• Your sponsor’s work PC.
Purchase a weather alert radio and program it for your area. The weather radio will alert you when you’re sleeping and unable to hear outdoor mass notification systems (sirens). These radios are available at the PX, Walmart, Radio Shack and many area grocery stores.
• Junction City: KJCK AM 1420 and FM 97.5
• Manhattan: KMAN AM 1350 and FM 93.3, KMKF FM 101.5 and KQLA FM 104.7
• Abilene: WXL-71 162.525 MHz
• Topeka: WXK-91 162.475 MHz
• Hallstead: KGG-98 162.425 MHz for updates and area-specific information
• Topeka’s WIBW on CBS, KTKA on ABC and KSNT on NBC
• Wichita’s KWCH on CBS, KAKE on ABC and KSN on NBC
Fort Riley Emergency Information
In case of emergency, visit www.riley.army.mil/Units/Garrison-Command/Emergency-Services for the most up-to-date information
Weather Advisories and Road Conditions
Call 785-239-3700 or toll-free 866-562-7319. Always report your status following a disaster through your unit chain of command.
Get a kit: You should have an emergency kit for both your home and privately owned vehicle.
Make a plan: Ensure your family has an emergency action plan and the plan is rehearsed.
Be informed: Know who to call for information. Post emergency contact information for quick reference.
Learn more about Ready Army by visiting https://home.army.mil/riley/index.php/my-fort/all-services/ready-army.
FORT RILEY SEVERE WEATHER SHELTERS
During severe weather warnings (high winds, tornadoes or hail), personnel typically have no more than 10 minutes to seek shelter.
If you are in a building, immediately seek the designated tornado shelter, a basement or a first floor interior room with no windows. If you are caught outside during the duty day, seek any nearby occupied building. If you are outside during nonduty hours, seek one of five identified areas open 24/7: Custer Hill, Camp Funston, Main Post, Marshal Army Airfield and Camp Whitside.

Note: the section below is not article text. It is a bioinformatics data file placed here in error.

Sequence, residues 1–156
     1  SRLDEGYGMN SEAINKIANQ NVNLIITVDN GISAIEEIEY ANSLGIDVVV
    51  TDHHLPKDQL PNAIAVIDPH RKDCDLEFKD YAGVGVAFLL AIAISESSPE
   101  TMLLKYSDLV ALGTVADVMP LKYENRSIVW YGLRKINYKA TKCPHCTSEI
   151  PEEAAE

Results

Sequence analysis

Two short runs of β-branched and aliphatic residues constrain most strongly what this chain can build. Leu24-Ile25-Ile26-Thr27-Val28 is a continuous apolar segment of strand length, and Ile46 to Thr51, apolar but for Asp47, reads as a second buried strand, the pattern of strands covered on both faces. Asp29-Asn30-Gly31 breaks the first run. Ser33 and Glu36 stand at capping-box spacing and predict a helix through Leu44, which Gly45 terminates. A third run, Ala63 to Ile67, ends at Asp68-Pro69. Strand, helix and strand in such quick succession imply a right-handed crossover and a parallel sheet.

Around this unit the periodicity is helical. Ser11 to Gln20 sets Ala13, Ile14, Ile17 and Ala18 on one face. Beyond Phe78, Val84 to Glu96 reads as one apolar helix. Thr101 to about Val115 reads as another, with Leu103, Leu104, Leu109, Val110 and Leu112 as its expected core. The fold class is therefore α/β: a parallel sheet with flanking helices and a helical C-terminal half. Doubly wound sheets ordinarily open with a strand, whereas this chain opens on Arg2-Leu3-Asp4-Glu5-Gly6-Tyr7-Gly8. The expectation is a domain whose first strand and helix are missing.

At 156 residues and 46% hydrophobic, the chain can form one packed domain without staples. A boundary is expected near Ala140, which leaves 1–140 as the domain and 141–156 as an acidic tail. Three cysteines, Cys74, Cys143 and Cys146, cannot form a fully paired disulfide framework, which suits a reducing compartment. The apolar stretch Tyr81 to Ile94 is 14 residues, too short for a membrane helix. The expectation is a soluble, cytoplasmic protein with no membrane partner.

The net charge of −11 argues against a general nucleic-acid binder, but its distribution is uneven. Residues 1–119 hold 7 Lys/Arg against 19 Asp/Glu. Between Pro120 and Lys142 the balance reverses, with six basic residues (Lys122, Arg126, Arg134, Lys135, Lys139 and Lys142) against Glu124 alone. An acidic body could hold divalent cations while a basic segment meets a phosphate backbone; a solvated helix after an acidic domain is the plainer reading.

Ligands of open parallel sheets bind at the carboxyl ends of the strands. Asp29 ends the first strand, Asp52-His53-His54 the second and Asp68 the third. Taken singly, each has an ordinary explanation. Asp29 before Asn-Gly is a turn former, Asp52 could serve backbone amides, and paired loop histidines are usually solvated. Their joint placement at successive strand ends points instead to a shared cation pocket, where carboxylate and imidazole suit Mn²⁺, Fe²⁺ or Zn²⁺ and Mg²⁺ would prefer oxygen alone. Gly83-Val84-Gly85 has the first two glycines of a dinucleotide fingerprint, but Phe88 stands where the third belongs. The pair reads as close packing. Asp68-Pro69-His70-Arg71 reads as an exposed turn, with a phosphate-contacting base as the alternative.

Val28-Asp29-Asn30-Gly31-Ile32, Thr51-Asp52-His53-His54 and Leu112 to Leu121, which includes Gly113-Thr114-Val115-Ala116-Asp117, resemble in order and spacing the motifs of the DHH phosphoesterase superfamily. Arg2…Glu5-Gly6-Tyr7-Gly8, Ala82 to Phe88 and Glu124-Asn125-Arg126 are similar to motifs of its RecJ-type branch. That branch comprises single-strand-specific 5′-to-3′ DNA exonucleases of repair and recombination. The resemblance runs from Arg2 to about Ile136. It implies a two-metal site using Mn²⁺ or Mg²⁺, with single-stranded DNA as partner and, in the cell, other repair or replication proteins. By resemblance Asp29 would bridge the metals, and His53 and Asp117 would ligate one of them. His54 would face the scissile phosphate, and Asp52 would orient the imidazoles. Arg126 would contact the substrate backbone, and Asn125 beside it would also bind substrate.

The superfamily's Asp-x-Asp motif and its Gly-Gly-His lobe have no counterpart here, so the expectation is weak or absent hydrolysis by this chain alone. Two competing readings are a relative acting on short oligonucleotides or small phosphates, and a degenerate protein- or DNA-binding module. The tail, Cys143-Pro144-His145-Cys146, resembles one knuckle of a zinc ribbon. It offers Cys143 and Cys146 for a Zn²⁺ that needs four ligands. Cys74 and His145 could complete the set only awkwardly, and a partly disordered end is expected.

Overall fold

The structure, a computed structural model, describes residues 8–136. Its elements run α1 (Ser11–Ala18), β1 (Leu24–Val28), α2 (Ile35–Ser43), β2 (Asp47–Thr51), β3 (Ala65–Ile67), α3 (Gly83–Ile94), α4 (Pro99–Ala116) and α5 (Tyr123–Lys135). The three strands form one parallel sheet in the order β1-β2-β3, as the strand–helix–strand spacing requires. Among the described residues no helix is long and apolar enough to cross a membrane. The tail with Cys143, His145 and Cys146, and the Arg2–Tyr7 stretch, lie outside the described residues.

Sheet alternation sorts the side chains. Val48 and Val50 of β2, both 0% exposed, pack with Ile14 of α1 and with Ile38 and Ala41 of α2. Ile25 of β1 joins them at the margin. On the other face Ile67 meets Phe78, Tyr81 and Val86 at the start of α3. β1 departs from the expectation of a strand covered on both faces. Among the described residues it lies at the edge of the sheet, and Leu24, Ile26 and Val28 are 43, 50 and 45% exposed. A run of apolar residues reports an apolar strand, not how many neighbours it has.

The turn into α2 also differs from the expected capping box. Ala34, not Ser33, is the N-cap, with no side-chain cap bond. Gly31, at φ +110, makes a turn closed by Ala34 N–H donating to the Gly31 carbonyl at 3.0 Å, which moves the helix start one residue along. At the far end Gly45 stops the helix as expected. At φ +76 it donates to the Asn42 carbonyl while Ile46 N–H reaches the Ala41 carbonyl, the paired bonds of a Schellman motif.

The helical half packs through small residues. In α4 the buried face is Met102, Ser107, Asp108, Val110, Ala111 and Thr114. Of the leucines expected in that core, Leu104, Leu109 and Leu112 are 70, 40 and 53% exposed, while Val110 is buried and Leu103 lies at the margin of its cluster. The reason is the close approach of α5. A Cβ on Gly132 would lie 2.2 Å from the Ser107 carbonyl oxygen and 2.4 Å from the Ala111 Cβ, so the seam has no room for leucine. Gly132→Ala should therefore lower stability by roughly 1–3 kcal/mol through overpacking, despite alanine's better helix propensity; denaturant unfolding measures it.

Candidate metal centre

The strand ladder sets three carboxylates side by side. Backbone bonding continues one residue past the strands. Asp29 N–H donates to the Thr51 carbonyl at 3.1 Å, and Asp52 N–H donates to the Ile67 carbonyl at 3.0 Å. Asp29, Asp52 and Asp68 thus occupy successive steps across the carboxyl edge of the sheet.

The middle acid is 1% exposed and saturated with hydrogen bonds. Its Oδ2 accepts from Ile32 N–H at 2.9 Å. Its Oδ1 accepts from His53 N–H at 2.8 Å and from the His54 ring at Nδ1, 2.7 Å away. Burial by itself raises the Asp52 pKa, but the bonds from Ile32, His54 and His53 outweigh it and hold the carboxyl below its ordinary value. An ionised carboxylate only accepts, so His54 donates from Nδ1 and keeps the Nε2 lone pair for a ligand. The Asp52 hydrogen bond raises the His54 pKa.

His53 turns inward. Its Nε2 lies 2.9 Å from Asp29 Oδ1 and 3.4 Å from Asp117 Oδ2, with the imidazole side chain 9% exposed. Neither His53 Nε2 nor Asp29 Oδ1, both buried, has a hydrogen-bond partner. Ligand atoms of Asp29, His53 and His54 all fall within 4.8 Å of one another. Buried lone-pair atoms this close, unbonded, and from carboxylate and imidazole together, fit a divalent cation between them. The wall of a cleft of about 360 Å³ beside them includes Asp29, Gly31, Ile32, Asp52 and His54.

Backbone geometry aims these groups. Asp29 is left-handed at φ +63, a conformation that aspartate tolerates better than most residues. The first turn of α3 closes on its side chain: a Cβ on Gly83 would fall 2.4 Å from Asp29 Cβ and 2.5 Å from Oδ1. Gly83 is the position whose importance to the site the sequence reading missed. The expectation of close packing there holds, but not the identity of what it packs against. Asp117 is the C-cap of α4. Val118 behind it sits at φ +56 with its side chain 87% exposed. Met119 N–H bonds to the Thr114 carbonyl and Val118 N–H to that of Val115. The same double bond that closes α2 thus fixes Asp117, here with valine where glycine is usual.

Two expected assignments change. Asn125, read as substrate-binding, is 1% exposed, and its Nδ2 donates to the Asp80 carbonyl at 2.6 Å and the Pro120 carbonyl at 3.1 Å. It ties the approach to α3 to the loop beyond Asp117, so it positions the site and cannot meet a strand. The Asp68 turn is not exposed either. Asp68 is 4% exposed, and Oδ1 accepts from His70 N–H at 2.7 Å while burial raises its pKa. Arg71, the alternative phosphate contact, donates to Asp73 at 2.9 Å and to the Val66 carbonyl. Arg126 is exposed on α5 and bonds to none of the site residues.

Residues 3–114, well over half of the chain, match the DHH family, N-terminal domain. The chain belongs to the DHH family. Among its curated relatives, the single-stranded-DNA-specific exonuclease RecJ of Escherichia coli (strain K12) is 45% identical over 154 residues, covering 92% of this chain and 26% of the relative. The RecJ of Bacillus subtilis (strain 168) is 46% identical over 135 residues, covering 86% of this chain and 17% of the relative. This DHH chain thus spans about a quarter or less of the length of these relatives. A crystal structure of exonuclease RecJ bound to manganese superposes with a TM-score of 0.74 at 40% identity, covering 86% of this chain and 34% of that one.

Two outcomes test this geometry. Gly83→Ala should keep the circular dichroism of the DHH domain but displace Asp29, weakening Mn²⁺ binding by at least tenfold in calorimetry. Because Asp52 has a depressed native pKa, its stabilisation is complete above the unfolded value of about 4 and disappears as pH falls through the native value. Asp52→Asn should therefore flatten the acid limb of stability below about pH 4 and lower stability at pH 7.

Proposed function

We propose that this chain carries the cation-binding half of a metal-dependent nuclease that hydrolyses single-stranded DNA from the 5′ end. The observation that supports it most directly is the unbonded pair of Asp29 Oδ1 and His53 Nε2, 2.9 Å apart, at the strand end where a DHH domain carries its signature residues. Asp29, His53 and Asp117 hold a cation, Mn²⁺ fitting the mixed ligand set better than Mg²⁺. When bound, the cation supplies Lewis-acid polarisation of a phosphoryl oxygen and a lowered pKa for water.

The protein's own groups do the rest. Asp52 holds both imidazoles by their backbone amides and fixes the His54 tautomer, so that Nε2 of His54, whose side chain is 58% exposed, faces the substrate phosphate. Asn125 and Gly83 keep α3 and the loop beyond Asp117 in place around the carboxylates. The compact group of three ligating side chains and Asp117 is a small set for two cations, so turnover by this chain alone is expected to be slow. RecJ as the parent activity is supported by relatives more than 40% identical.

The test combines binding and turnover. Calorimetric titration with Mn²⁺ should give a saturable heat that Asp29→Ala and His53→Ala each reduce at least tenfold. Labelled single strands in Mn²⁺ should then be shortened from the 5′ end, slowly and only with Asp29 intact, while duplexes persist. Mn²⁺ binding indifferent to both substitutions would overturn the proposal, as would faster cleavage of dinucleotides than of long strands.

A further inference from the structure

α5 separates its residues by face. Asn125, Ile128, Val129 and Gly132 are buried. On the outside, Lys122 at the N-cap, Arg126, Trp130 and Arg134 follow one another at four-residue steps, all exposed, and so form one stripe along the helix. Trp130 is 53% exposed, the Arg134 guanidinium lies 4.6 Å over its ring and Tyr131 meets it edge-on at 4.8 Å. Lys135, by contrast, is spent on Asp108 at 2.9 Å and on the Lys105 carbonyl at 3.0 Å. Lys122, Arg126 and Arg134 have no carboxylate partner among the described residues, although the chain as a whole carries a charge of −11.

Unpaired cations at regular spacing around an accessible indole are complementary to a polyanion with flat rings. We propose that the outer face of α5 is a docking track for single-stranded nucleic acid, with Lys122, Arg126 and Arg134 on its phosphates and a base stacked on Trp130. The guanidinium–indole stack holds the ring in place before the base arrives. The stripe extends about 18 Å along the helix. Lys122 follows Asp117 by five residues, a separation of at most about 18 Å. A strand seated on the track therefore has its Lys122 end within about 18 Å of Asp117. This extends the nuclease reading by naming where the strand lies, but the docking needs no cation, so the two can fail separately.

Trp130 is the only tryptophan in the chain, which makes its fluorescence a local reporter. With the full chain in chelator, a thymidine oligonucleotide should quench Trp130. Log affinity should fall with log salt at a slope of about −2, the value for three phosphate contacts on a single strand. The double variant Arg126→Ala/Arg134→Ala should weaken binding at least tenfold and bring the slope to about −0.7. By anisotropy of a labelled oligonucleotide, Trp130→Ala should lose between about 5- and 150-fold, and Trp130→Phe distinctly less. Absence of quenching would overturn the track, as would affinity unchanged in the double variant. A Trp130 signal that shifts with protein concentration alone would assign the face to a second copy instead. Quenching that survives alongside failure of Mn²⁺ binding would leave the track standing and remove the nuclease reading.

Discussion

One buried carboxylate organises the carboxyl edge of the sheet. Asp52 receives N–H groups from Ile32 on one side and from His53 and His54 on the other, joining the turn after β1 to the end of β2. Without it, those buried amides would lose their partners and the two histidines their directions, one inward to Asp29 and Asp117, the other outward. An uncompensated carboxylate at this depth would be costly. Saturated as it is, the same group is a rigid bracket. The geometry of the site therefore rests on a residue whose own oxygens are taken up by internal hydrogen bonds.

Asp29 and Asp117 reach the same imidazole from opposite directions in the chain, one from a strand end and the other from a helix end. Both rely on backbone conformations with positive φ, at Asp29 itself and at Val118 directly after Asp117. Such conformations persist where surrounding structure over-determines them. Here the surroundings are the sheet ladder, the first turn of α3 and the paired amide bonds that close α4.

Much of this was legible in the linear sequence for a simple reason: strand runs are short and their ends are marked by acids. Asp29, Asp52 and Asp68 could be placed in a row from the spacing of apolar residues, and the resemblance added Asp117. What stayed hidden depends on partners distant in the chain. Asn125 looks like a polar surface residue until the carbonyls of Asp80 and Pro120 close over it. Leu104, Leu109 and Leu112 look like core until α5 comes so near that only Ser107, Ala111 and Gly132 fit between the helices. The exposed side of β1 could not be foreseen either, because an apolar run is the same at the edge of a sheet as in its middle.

Designated shelter buildings:
• Custer Hill: Buildings 8614, 7232 and 7613.
• Camp Funston: Concrete bunker shelters adjacent to Fourth Street and H Street.
• Main Post: Building 219 (police station).
• Airfield: Building 804.
• Camp Whitside: Building 600 (Irwin Army Hospital).
Develop a Family Disaster Plan
First, you’ll need current information about the hazards in your area. On Fort Riley, if you hear a siren, you should immediately seek shelter and tune in to military Channel 2, Riley TV, or your local radio station.
Get a Home Emergency Kit
• Weather radio with fresh batteries.
• Flashlight with fresh batteries.
• Candles and matches.
• Cellphone with car charger.
• First-aid kit.
• Drinking water (three gallons per person).
• Three-day supply of nonperishable food.
• Propane for gas grills.
• Blankets, hats, change of clothes and shoes.
• Cash (power loss disrupts electronic transactions).
Make a plan:
• Identify three emergency contacts that all family members report to and have them available. Post contacts’ numbers by each telephone. Provide contact numbers to your deployed Soldier so they can get updated status information concerning the families through the chain of command.
• Inspect fire alarms and fire extinguishers.
• Conduct a walkthrough of your home to identify hazards and correct them.
• If you see a downed power line, do not touch it. Call 785-239-3739 to report it.
• Ensure children know how to contact emergency services.
• Use only safe sources of alternative heat such as fireplaces; small, well-vented wood or coal stoves; and portable space heaters. Always follow manufacturers’ instructions.